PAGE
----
EIS Investment Soars By More Than A Quarter

Entrepreneurs raising cash to grow their businesses through the Enterprise Investment Scheme (EIS) has surged by a more than a quarter in the past 12 months, according to new research.

New data from HM Revenue & Customs (HMRC) has been analysed by private equity investment specialists Radius Equity to review how EIS is working.

The figures show EIS companies raised £1.4 billion in the last tax year, with companies raising an average £535,615 compared to £423,016 in the previous year.

The firm explained that their analysis revealed the popularity of EIS is mainly due to two factors:

Companies are still finding banks are unwilling to lend money to businesses without exemplary trading records

Investors are piling cash into EIS to take advantage of tax breaks.

Secondary fundraising

Secondary fundraising – a second round after start up – accounts for almost half of all EIS investment last year, up from 44% in 2013 and a third in 2012.

Director Gary Robins argues that EIS is helping small businesses re-emerge as a major job-creating engine for the economy.

“I believe what the figures are showing us is that EIS is not only for start ups but an alternative source of finance for the roll out stage of a growing new business. The cash raised can turn a local or regional business into a national brand.”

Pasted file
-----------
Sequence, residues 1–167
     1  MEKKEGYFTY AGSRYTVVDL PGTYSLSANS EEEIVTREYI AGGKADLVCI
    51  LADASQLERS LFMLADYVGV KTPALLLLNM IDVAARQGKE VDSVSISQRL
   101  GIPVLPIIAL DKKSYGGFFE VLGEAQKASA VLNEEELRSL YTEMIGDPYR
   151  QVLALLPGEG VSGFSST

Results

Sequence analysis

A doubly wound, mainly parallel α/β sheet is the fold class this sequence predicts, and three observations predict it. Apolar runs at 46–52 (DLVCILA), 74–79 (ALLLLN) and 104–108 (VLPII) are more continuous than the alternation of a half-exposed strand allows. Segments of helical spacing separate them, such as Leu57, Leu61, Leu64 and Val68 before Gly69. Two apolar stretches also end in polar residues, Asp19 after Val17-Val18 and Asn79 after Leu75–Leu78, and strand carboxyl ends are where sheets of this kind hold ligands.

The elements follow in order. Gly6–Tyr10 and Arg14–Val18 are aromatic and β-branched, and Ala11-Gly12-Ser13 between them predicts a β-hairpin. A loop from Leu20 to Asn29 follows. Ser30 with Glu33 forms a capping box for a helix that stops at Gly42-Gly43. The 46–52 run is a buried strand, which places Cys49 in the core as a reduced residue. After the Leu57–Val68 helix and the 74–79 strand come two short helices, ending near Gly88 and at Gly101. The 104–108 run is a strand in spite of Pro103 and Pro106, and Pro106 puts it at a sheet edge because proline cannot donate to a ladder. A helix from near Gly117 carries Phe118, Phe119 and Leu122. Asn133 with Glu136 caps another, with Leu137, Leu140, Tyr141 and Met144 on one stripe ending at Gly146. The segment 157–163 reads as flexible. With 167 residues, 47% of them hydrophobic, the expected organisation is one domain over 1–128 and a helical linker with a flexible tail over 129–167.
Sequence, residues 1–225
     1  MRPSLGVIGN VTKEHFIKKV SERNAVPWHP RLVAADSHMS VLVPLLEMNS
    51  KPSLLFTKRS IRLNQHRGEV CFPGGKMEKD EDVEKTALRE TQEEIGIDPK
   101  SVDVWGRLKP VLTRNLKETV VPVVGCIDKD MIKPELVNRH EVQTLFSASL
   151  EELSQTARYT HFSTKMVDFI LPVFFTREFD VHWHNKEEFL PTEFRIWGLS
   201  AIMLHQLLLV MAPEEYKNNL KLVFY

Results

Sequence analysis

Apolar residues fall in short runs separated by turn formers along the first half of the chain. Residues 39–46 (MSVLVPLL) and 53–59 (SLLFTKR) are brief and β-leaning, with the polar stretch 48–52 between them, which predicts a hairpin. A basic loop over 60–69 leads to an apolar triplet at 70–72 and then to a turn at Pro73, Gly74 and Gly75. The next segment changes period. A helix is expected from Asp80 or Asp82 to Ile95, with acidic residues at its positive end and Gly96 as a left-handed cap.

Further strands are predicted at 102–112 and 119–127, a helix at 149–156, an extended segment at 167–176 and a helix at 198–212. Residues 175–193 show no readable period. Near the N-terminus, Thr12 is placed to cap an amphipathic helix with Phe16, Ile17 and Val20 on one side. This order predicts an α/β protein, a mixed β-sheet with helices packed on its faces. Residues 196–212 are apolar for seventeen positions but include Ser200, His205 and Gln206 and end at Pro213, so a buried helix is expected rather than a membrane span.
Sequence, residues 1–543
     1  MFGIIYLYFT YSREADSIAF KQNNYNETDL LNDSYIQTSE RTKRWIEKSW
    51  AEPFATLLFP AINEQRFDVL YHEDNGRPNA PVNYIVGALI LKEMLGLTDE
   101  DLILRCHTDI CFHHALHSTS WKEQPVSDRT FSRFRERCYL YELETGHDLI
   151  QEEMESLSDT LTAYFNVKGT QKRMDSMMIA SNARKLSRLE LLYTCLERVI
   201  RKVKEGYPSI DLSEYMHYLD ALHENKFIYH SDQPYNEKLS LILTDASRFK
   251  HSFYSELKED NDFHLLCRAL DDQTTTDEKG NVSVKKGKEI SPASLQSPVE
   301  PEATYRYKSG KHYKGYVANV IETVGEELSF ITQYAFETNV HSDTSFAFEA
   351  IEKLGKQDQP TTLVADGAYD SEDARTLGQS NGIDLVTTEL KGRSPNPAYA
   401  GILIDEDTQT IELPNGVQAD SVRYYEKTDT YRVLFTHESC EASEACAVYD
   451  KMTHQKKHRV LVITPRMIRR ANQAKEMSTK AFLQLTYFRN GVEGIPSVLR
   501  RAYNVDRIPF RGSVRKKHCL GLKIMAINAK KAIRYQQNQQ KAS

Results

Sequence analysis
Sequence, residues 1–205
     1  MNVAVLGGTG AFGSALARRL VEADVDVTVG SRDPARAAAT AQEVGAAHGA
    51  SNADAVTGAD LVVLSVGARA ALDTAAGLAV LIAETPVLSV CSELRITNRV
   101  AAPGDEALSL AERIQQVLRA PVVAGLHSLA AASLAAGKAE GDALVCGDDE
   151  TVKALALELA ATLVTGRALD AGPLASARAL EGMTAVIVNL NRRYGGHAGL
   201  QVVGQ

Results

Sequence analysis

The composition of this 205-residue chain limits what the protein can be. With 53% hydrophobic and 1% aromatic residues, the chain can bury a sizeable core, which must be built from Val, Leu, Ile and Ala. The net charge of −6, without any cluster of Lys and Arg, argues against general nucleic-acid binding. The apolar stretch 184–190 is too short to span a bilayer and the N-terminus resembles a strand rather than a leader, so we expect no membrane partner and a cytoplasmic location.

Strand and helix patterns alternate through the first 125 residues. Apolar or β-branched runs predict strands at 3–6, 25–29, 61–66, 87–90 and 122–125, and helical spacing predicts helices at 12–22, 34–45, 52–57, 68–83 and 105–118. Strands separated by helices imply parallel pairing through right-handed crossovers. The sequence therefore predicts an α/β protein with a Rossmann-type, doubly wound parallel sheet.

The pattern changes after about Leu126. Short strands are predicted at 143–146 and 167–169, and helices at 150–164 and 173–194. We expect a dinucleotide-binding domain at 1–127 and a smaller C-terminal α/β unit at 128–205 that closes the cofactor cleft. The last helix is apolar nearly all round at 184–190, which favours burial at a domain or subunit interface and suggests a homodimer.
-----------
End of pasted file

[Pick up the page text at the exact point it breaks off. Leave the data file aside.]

Meanwhile, HM Revenue & Customs (HMRC) has announced that under new measures put forward by Chancellor George Osborne in his Budget in March 2015 will set up a new forum for the Treasury and the tax man to discuss how reliefs for investment are working.

The first meeting is programmed for September.

Summer Budget changes

Top of the agenda is developing a standard annual return for Venture Capital Trusts (VCT).

The forum will also look in detail at how the Seed Enterprise Investment Scheme (SEIS) and EIS are helping businesses, with a view that HMRC can better understand how the tax reliefs are applied and the risk of tax avoidance is minimised.

New rule changes were also announced in the Summer Budget.

The lower cap for investments will drop to £12 million and limits will be set for SEIS, EIS and VCT funds going towards buy outs or acquisitions.

Some other tweaks have been made to when companies have to make an initial sale after original investment and extra rules and limits for knowledge-intensive companies.

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